We used to go to the restaurant with my Golden Retriever back in the day, when he wasn’t a grumpy granpa yet.
He didn’t mind people and waiters and enjoyed to have some pizza, so it was a win-win. Yesterday evening we happened to get hungry right after a vet appointment, so we went for a pizza like we used to in the good gone days.
My old boy is 13 years old by now and his patience skills are as shaky as his hips, whereas his stomach is still very young and lively, so he was starving and wasn’t happy with our waiter to take it so long with those pizzas.
Five minutes is really too much to bear for a food craving retriever: he was agitated, wasn’t able to rest, kept laying down and standing up, panting and staring at us with an obsessed and delirious look on his face.
When he started to bark, we gave up and we took him to the car. As soon as he crossed the exit door, he immediately felt better and relaxed. He took a nap in the car and we had our dinner.
Sylvie with "Blue" the Golden who loves pizza!
What’s the point of this story? The lack of free will. When a dog apparently misbehaves, people blame it on the dog itself. They never question themselves, they never wonder about how compelling some drives can be.
My golden retriever didn’t really choose to go crazy obsessive on some non-existent pizza. He’s really old and lately he happens to lose his mind now and again. All his inclinations, his aggressiveness, his insecurity, his obsession tendency are enhanced and he’s not that clear headed at times. He got trapped into his food fixation and wasn’t able to escape, he was feeling bad much more than us, being embarrassed for his attitude in the restaurant.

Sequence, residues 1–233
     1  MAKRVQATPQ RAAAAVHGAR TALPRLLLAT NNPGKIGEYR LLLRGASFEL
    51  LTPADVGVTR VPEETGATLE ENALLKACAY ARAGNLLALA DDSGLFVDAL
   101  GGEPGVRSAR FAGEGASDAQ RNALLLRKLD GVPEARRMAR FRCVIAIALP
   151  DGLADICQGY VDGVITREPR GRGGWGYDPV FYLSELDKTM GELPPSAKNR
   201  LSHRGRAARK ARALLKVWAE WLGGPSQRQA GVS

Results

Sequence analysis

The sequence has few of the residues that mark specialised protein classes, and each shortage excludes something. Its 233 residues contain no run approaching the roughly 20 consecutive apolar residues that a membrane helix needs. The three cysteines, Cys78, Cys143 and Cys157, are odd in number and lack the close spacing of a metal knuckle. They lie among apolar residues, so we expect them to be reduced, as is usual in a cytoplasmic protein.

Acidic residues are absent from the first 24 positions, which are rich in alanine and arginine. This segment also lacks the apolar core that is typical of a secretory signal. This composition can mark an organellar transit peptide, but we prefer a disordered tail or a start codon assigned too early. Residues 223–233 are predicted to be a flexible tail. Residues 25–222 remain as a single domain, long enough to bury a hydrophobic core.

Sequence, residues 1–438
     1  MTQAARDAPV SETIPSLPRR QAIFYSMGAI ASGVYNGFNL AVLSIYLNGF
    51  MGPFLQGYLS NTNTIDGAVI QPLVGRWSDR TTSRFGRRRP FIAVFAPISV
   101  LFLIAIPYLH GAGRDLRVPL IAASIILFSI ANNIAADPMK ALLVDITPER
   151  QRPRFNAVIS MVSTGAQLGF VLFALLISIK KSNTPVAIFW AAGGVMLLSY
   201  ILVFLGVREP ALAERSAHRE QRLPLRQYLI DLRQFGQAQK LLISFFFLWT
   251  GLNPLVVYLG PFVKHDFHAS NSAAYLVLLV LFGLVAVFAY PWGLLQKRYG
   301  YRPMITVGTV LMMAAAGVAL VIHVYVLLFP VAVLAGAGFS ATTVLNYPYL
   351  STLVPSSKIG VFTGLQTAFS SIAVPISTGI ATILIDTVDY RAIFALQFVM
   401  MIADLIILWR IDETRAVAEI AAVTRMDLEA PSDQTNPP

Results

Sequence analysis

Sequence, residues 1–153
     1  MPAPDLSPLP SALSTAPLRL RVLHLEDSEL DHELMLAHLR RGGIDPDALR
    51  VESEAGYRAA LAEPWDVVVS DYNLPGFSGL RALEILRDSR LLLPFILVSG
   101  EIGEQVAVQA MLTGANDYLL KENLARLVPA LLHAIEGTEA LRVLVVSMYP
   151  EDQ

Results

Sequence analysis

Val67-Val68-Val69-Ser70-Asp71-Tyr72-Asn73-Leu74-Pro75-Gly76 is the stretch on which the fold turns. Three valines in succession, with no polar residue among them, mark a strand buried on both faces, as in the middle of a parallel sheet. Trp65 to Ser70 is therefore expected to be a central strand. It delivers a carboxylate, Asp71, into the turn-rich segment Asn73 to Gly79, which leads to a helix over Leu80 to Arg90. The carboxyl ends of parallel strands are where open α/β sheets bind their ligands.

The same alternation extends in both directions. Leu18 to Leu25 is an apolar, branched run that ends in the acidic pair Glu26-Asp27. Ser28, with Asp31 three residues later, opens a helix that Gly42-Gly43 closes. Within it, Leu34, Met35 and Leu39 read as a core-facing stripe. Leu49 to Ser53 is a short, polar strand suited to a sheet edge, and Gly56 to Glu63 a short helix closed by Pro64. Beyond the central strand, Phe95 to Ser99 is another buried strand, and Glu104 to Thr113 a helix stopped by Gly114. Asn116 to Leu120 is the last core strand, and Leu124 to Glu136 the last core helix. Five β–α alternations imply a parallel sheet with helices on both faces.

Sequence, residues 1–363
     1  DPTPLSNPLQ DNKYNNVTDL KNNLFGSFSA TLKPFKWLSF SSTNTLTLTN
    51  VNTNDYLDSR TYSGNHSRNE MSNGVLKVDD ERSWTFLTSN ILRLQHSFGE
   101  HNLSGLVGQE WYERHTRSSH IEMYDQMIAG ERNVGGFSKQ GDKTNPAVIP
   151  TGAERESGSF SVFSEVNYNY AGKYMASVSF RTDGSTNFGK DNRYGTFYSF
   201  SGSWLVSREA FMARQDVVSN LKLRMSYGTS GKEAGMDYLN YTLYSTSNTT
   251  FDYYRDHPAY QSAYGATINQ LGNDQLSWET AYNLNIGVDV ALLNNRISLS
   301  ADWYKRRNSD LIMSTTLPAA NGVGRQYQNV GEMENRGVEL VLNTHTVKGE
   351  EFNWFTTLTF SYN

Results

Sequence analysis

But how can we tell that a dog isn’t really choosing to act that way? How can we know that it got caught in a trap and has lost its free will?
We need to observe it and to be able to understand what we see. We need to get rid of our human interpretation and read his language properly. The ethogram of the dog is the fundamental alphabet, it’s impossible to understand how a dog feels without mastering it. But then it’s up to ourselves: once we have the basic knowledge, we need to be open minded, experienced, enlightened and make our move to help the dog to restore his liberty.
If our choice is right, the dog will immediately feel better and we’ll know that we were right.
(all about the stress behaviors of the dog Ethogram of fear, stress and de-escalation behaviours of the dog)
Text Sylvie Vuillermoz
Photos Daniele Robotti
COPYRIGHT 2014 SKILLADIN SNC - All rights reserved